The prototype of the absolutist ruler’s residence became the model for many European residential castles. In the midst of a spacious park, the baroque building erected under the “Sun King” Louis XIV (1638–1715) served to showcase power and royal splendor.
|Official title:||Versailles Palace and Park|
|Cultural monument:||royal residence and others with the castle church, the Hercules salon, the salons of Mars and the war with the famous stucco depicting Louis XIV on horseback, the 73 m long hall of mirrors on the first floor of the west facade, the chambers of the queens, the opera and the library of Louis XVI. as well as the park with the large basins, the Latona and Apollo basins, the large marble staircase and the orangery|
|Location:||Versailles, southwest of Paris|
|Meaning:||the residence of French kings from Louis XIV to Louis XVI, for centuries the epitome of a European royal court|
|1610-43||under Louis XIII. Construction of a castle|
|1643||Louis XIV ascends the throne|
|from 1661||under Louis XIV. Conversion of the castle and the park by the horticulturist Le Nôtre, the architect Le Vau and the court painter Le Brun|
|1699-1710||Construction of the castle church|
|1715||Death of the “Sun King” Louis XIV.|
|1722||Louis XV (1710-74) takes Versailles as his residence|
|1733-46||Ceiling painting in the Hercules Salon by the court painter Lemoyne|
|1770||Completion of the opera|
|1833-37||set up as a national museum|
|June 28, 1919||Signing of the Versailles Peace Treaty to end the First World War in the Hall of Mirrors|
|2007||Restoration of the hall of mirrors|
|until 2017||extensive restoration work|
The geometry of power
“I am the state” – this sentence of the French Sun King Louis XIV, which at first glance seems excessive, was in a certain way an expression of the actual social conditions in the age of absolutism: the monarch was, unlike in the Middle Ages, as the absolute absolute ruler Structure with strong sovereign princes still dependent on the participation or approval of independent political bodies. The king gathered thousands of noblemen and servants around his person; he received hundreds of nobles every day in order to bind them to himself by conferring offices and honors.
An appropriate, representative framework was required for this holding of the court. Louis XIV, who had become king at the age of five and took over the government at the age of 23, decided to expand Versailles: with the small hunting lodge that was built under Louis XIII. had been erected in a swampy area at the gates of Paris, happy childhood memories were linked for him. Inspired architects such as Louis Le Vau, Jules Hardouin-Mansart and Robert de Cotte, the ingenious horticultural master André Le Nôtre and over 20,000 workers created a palace and park complex in a gigantic effort that became a model for residential buildings throughout Europe. The construction work dragged on for almost five decades. When Louis XIV was able to enter the castle church for the first time, he was already 72 years old.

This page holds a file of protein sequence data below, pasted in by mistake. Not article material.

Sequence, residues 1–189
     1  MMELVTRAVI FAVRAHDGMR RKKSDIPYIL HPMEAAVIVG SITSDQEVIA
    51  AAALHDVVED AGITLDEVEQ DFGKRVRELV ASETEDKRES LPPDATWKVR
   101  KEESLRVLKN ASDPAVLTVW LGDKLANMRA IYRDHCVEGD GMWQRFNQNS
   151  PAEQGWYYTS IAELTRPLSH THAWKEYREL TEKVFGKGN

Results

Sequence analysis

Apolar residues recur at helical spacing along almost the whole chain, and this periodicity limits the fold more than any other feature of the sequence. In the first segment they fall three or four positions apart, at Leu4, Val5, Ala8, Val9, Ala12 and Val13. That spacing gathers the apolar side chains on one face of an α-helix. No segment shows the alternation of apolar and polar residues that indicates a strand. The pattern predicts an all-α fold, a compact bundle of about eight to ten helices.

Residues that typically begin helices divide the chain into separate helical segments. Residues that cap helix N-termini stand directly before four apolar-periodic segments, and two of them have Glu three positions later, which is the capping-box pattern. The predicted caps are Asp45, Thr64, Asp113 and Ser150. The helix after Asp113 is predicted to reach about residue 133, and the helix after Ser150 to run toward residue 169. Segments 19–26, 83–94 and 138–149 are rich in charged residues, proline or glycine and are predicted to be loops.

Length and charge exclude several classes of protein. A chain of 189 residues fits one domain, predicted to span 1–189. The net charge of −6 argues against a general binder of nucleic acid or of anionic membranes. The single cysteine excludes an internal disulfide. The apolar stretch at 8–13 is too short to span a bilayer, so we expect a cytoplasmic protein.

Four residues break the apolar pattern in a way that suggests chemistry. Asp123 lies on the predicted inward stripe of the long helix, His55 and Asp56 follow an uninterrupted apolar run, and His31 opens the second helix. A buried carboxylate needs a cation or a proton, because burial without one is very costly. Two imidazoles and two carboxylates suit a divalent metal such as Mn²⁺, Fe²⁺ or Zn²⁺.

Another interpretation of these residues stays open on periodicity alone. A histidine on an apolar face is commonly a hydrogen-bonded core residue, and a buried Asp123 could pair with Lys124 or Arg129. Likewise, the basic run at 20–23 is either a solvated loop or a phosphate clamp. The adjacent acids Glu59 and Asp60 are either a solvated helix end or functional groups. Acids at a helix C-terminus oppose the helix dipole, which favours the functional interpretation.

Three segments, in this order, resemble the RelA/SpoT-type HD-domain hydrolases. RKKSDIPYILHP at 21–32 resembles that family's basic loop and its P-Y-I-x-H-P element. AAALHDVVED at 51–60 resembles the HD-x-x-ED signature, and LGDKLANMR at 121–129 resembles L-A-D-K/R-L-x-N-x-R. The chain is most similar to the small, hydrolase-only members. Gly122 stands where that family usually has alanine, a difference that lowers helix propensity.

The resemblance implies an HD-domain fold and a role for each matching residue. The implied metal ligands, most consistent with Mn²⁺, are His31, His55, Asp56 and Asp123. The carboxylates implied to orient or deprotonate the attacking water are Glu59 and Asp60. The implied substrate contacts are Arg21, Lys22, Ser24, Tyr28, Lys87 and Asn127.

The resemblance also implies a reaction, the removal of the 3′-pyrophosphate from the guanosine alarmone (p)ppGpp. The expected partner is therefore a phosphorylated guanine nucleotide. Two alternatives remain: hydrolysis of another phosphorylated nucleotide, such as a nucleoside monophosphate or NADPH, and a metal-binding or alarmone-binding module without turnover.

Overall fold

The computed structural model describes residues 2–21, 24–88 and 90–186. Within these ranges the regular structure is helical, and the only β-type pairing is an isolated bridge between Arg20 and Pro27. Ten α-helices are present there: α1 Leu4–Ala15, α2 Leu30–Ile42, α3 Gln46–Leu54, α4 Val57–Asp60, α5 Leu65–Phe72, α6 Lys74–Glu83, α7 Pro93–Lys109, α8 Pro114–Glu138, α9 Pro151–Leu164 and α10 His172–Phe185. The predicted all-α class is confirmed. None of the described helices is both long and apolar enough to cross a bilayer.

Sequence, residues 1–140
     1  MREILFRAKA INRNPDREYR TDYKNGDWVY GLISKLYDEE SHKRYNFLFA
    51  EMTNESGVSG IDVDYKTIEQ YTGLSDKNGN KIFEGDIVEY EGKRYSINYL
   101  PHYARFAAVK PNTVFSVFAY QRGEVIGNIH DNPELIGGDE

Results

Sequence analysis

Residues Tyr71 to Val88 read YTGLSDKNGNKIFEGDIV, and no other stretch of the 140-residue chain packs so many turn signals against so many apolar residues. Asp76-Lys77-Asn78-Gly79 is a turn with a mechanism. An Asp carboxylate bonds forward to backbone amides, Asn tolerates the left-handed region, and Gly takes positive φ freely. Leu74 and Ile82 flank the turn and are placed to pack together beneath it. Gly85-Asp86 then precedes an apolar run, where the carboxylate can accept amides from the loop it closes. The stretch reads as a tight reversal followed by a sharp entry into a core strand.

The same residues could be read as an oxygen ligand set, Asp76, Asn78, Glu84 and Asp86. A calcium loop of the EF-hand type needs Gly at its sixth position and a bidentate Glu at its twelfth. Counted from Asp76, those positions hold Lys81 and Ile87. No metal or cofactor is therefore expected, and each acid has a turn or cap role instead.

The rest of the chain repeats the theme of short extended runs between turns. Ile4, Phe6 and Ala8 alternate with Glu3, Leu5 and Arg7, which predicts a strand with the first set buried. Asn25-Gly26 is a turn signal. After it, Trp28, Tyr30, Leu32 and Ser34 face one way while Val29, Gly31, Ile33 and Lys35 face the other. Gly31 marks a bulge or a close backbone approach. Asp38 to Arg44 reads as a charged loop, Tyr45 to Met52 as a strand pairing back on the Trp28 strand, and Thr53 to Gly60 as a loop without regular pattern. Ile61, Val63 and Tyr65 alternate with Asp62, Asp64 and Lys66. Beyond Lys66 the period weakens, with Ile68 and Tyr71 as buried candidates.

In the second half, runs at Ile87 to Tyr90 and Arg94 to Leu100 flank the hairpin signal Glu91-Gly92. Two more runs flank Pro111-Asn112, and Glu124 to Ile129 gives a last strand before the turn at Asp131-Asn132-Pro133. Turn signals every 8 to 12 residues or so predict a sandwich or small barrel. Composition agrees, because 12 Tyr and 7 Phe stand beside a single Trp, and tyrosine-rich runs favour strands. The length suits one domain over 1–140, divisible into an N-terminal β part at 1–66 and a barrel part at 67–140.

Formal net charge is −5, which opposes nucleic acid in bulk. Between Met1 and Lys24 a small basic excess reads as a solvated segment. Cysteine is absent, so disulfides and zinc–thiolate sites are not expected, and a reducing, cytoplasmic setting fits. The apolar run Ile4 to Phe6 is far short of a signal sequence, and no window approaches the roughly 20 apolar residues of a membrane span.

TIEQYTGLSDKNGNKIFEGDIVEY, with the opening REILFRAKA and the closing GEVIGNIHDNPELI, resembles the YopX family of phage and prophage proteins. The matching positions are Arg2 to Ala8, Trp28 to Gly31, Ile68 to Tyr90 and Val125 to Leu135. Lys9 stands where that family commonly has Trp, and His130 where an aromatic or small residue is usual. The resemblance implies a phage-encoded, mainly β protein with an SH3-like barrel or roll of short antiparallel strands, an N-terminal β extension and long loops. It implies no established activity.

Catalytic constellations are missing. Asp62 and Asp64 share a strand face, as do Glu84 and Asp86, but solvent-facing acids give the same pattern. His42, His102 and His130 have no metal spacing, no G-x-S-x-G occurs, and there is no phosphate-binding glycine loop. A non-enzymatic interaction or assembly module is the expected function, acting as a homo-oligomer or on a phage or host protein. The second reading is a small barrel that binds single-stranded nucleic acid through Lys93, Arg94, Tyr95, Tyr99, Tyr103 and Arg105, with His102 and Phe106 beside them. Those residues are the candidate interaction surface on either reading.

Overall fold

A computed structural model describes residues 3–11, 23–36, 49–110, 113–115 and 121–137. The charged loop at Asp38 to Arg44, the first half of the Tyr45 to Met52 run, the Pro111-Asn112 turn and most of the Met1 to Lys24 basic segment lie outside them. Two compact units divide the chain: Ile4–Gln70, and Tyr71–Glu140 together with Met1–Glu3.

According to aristmarketing, versailles was the residence of the kings of France for only a good hundred years, from 1682 to the French Revolution in 1789. Louis XV, the successor of the Sun King, who no longer saw himself only as a public figure, had a few private rooms set up, a smaller palace built next to the Great Trianon and the gardens expanded.
Louis XVI made only a few changes to the main building and set up an English garden for his wife Marie-Antoinette with an idyllic artificial village with a farm, dairy, mill and pigeon house. In essence, the Versailles complex has presented itself to this day as a magnificent “geometry of power”. Wide streets lead to the elevated main building, a symmetrical three-wing complex with three tiered courtyards, which was imitated on a much smaller scale in countless baroque palaces – especially by the German Duodec princes. From the rear, the view opens into the park, which with its artificial canals, terraces and fountains creates a splendid framework for the palace and continues its structural monumentality into the landscape.
The most famous interior of Versailles is the Hall of Mirrors, a gallery lavishly decorated by Charles Le Brun. It takes its name from the 17 mirrors that are mounted exactly opposite the round windows that reach down to the floor and create an almost unreal shine. Louis XIV had the hall furnished after the Peace of Nijmegen, which confirmed his supremacy in Europe in 1678.
In the room the courtiers paid their respects to the monarch; Festivities rarely took place here. In 1871, the Prussian King Wilhelm I redesigned the hall for a strange celebration: after the victory in the Franco-Prussian War, he was proclaimed Emperor of the newly founded German Empire here. In 1919, after the German defeat in World War I and the fall of the Wilhelmine Empire, the Versailles Peace Treaty was finally signed in the Hall of Mirrors.